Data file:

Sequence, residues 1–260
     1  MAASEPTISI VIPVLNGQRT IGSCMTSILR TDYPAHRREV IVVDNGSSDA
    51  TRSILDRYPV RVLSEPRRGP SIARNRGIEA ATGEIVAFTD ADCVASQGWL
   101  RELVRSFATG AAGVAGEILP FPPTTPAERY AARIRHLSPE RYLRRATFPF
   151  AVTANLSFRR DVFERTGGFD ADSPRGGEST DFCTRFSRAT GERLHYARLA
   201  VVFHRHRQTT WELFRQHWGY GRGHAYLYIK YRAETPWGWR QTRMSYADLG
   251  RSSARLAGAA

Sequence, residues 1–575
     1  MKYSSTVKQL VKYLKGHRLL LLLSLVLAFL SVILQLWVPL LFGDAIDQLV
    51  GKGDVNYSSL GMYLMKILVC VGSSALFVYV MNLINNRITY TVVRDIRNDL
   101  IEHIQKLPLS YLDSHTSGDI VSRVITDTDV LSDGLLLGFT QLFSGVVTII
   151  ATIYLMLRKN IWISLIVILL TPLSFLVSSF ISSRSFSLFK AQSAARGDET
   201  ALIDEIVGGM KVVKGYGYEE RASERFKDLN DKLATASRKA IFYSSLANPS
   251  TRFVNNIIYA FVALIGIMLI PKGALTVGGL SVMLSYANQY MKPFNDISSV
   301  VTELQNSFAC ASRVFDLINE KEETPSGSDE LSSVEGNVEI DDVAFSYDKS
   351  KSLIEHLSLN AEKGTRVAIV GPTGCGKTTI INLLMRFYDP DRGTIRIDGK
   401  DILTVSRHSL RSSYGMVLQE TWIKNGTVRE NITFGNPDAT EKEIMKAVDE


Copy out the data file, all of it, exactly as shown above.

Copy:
Sequence, residues 1–260
     1  MAASEPTISI VIPVLNGQRT IGSCMTSILR TDYPAHRREV IVVDNGSSDA
    51  TRSILDRYPV RVLSEPRRGP SIARNRGIEA ATGEIVAFTD ADCVASQGWL
   101  RELVRSFATG AAGVAGEILP FPPTTPAERY AARIRHLSPE RYLRRATFPF
   151  AVTANLSFRR DVFERTGGFD ADSPRGGEST DFCTRFSRAT GERLHYARLA
   201  VVFHRHRQTT WELFRQHWGY GRGHAYLYIK YRAETPWGWR QTRMSYADLG
   251  RSSARLAGAA

Sequence, residues 1–575
     1  MKYSSTVKQL VKYLKGHRLL LLLSLVLAFL SVILQLWVPL LFGDAIDQLV
    51  GKGDVNYSSL GMYLMKILVC VGSSALFVYV MNLINNRITY TVVRDIRNDL
   101  IEHIQKLPLS YLDSHTSGDI VSRVITDTDV LSDGLLLGFT QLFSGVVTII
   151  ATIYLMLRKN IWISLIVILL TPLSFLVSSF ISSRSFSLFK AQSAARGDET
   201  ALIDEIVGGM KVVKGYGYEE RASERFKDLN DKLATASRKA IFYSSLANPS
   251  TRFVNNIIYA FVALIGIMLI PKGALTVGGL SVMLSYANQY MKPFNDISSV
   301  VTELQNSFAC ASRVFDLINE KEETPSGSDE LSSVEGNVEI DDVAFSYDKS
   351  KSLIEHLSLN AEKGTRVAIV GPTGCGKTTI INLLMRFYDP DRGTIRIDGK
   401  DILTVSRHSL RSSYGMVLQE TWIKNGTVRE NITFGNPDAT EKEIMKAVDE